4. Outsourced product assembly services
I admit that I used to always pay for someone to help set up something like a new piece of furniture or even paint a wall. I, like many typical girls, wasn’t raised to have a lot of “construction”-type skills, so I never took the time to learn how to do these things.
But since living with these guys, all of whom figured out how to manage any construction task simply because they didn’t even consider outsourcing it, I realized that I can do all of that stuff, too. I’m proud to say that, after mastering a few basic skills and tools, I can always figure out how to assemble something by myself.
5. Gym equipment you won’t actually use
I’m looking at you, aspirationally-purchased pull-up bar that my roommate used maybe twice before leaving it to forever gather dust in our living room doorway. I’m sure buying home gym equipment is cost-effective for a lot of people, but it certainly wasn’t for my roommates, who also somehow each had their own forgotten set of weights. And it’s definitely not for me, either. I’ve lived in an apartment surrounded by home exercise equipment and just never used it — I need that external accountability of fitness classes to not just get up and quit in the middle of a workout (which is exactly what I’d do at home).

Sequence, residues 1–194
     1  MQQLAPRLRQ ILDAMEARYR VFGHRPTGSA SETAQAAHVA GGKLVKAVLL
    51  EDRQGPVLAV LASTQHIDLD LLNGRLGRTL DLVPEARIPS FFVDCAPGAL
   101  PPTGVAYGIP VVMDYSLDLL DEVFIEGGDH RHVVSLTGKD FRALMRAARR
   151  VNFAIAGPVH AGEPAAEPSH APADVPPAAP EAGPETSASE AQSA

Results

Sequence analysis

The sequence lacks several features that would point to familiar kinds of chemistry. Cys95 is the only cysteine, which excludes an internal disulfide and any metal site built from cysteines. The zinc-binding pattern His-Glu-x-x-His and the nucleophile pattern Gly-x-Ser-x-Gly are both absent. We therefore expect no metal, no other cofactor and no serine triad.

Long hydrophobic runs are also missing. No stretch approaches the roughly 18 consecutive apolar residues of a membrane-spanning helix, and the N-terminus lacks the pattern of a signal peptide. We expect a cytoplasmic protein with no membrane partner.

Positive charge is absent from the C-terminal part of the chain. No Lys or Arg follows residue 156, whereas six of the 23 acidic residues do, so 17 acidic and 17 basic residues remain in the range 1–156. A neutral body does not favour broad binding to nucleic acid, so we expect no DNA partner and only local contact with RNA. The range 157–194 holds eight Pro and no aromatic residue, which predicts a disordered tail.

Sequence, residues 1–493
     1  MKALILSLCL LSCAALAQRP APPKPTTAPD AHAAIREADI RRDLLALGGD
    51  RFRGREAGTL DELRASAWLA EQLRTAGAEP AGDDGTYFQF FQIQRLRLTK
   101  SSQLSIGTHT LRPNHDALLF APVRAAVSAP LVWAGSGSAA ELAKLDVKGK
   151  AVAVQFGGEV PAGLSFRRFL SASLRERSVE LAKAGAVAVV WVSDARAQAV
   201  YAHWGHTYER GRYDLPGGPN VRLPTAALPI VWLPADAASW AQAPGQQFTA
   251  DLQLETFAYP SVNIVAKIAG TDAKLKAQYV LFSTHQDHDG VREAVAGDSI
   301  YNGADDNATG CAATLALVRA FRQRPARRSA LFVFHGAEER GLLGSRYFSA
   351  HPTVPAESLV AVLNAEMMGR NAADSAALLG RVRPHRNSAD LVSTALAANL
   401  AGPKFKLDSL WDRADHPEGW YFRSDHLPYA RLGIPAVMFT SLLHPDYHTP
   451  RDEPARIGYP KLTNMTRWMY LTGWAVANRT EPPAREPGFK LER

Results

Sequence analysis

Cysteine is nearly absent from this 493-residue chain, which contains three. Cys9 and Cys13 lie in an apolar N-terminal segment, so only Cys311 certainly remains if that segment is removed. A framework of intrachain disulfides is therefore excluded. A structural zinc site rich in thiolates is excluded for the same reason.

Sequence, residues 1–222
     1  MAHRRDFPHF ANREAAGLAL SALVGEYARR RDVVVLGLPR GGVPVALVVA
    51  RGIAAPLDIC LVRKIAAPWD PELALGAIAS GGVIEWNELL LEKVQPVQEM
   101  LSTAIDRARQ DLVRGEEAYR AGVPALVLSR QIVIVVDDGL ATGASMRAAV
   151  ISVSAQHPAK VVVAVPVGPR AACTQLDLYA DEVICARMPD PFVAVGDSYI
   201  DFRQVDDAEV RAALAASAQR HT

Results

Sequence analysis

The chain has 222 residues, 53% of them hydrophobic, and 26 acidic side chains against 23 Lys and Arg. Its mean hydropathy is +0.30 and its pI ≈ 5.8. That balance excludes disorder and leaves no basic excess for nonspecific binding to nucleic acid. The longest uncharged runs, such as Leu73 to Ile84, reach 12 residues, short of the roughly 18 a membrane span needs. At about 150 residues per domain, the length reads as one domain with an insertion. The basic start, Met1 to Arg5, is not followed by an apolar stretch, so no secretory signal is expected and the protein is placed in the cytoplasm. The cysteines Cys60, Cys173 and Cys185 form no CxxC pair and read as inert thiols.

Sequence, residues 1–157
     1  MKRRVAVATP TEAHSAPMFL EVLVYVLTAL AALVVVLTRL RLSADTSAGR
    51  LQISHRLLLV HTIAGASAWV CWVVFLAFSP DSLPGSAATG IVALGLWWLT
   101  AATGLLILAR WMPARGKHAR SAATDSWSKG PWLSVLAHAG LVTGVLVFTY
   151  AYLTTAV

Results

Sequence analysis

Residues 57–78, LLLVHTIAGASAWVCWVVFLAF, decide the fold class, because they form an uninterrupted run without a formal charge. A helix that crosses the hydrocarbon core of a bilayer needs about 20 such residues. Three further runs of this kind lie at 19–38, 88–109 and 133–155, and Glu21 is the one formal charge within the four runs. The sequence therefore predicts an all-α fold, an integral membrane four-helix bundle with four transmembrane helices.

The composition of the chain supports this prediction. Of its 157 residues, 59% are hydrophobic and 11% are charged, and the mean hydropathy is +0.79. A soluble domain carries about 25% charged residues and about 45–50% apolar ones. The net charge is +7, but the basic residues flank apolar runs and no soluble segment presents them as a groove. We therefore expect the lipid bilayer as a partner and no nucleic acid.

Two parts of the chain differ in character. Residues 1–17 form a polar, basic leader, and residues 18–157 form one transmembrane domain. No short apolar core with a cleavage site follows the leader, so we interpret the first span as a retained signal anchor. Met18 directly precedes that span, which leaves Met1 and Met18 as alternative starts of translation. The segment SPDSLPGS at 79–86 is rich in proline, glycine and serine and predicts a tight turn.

6. Food products that are more about packaging than quality
The guys used to make fun of me for all the foofy groceries I bought that were clearly more about their amazing packaging design than the quality of the food. And honestly, if I hadn’t lived with a group of people for whom the siren song of an adorable wine label or glass yogurt jar fell flat, I may never have changed this habit — it’s so normalized, and women especially are so heavily targeted by “cute” packaging.
Their teasing about my love of fancily-packaged food and drink didn’t make me swear off my beautifully-bottled almond milk forever. But it made me really think about which products I was buying and reconsider what had become my default habits when it came time to grocery shopping.
7. Separate products for every element of my grooming routine
I know it’s basically a meme at this point to make fun of men who use one grooming product for literally everything from washing their face to conditioning their hair. And while that’s definitely not my case, I couldn’t help but notice that in our shared bathroom, my shelf of products literally took up as much space as three guys’ worth of bathing products, and all of them had pretty solid hair, skin, and general hygiene.
It made me wonder how many of these individual-use products I really needed, and where I could save money by combining. For example, I now use a little bit of conditioner as shaving cream. I also swapped out my fancy body scrub for a homemade one using raw sugar and lemons. Basically, I’ve gone from having a full grooming aisle in my bathroom to just having the essentials, and being much more discerning about how I spend.
Cassie works as a content marketing manager in the D.C. area, but secretly daydreams about escaping to small-town New England and running an inn.
Image via Unsplash